Some consider blue balls a myth that young men use to pressure their girlfriends into sex. I’m sure the complaint has been used for that purpose, though there is really no excuse, since the discomfort is easily and safely relieved by masturbating to orgasm. But some people have a personal or cultural belief that masturbation is sinful or that it depletes masculine vigor. Of course, relief can also come in the form of a “wet dream” in the early morning during REM sleep, when men naturally and involuntarily develop an erection. Or you can fool around with a sympathetic friend with the excuse that you are “horny” and “need relief.”

The G-Spot

In Sexploration* on July 7, 2010 at 7:19 pm

Both men and women are confused about the anatomy and function of the female sex organs. Important parts of the female genitalia are embedded in the body rather than hanging out, like their male counterparts, so they are difficult to study, but scientists have also mischaracterized or ignored the area for centuries. Vesalius, a classical anatomist from the Italian Renaissance, went so far as to claim that the clitoris was a myth or an abnormality that should be removed. Sixty years after physicians “discovered” the G-spot and female ejaculation, scientists continue to debate their existence or characterize them as feminist myths.

Medical studies conducted in just the past decade have revealed the clitoris to be a more complex organ than had been realized previously. The clitoris is much more than the button of sensitive tissue visible under the labial hood; it includes long tubes of erectile tissue, similar to those found in the male penis, which extend deep into the pelvis, where they straddle the vagina like a cowgirl gripping a bronco. Squeezed between the vagina and clitoral tissue are several types of sexual glands. The entire organ is richly enervated and sensitive to the thrusting, stroking, tugging, vibrating, distending, and contracting motions that a woman experiences during intercourse.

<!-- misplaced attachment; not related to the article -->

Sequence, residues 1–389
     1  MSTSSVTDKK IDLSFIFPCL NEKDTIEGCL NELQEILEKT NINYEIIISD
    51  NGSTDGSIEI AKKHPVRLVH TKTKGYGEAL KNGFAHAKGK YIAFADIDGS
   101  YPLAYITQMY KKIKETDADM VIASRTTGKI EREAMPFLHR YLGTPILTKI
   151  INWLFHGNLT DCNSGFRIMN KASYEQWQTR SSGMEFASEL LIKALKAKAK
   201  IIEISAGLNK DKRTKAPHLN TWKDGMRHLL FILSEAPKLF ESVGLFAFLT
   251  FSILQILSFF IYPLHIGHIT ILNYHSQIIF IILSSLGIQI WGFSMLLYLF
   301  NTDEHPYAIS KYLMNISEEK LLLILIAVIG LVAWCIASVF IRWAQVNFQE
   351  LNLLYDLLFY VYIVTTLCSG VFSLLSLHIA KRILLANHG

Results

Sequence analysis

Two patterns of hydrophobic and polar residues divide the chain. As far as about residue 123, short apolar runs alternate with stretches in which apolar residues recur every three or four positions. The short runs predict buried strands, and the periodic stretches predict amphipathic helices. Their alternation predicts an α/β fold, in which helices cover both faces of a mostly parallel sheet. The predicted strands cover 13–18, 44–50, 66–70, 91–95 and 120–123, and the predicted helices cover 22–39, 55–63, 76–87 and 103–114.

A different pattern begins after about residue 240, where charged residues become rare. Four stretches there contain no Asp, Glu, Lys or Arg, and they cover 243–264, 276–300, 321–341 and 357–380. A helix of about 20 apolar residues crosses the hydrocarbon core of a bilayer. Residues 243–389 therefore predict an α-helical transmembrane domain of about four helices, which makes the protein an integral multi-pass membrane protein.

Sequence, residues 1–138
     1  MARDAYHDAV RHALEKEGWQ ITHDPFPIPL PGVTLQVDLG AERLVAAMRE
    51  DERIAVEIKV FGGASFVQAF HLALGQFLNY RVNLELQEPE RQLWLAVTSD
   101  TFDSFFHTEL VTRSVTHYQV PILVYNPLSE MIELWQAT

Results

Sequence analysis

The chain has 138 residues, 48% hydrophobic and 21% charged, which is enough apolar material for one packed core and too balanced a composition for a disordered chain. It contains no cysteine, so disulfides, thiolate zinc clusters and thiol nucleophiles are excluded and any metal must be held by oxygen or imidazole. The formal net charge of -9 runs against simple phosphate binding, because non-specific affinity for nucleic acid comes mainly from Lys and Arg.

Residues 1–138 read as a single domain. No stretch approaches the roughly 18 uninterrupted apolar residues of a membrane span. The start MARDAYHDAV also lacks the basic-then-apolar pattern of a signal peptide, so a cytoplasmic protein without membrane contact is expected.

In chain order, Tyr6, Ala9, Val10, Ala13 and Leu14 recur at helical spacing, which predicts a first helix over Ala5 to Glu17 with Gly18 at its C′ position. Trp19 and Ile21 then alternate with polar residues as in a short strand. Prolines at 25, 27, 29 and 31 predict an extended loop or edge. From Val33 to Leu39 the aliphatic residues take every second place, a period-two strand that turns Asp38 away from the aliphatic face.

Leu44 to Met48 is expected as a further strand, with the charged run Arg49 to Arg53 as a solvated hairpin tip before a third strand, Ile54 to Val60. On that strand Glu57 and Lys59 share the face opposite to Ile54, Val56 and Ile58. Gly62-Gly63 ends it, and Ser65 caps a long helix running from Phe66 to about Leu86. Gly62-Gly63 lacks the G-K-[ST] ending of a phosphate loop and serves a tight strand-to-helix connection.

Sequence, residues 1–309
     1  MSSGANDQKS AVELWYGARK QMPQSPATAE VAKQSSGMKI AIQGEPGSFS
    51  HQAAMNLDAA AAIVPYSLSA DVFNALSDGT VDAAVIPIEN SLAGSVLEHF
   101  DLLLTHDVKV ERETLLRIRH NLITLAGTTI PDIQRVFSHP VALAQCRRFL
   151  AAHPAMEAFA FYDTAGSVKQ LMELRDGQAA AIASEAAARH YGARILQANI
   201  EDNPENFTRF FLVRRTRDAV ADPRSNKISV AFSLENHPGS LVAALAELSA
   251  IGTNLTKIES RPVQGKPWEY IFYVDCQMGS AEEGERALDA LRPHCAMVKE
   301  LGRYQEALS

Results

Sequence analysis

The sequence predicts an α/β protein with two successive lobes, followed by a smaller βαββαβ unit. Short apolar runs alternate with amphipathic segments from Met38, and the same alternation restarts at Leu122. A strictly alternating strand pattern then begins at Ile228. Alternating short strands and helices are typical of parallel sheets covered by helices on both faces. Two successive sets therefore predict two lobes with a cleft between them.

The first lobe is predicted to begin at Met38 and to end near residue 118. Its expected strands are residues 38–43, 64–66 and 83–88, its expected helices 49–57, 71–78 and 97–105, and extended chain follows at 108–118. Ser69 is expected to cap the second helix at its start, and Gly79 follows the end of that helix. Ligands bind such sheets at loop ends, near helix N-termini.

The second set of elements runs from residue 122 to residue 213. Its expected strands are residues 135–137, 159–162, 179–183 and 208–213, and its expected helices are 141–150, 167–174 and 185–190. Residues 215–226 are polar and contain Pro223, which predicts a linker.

Some scientists have begun to refer to a “clitoral complex” that includes the visible head of the clitoris, the deeper erectile tissues, the sexual glands, and the especially sensitive adjacent area of the vagina, often referred to as the G-spot.

The G-spot was named after Dr. Gräfenberg, the doctor who first noted that some women were aware of a point of maximum pleasure just within the vagina. The area is usually described as dime-sized and located about an inch inside, on the front side of the vagina. You can reach the area by sliding a finger into the vagina and bending the finger in the direction of the bellybutton.

Ever since Dr. Gräfenberg’s “discovery,” scientists have debated whether the G-spot exists, and most have been distracted by the hunt for a distinct organ rather than a sweet spot. It turns out that the location of the G-spot corresponds to the area where the deep, erectile tissue of the clitoris pushes up against the wall of the vagina, especially when the erectile tissue becomes engorged with blood and the vaginal muscles contract, as they do during sexual arousal and vaginal penetration.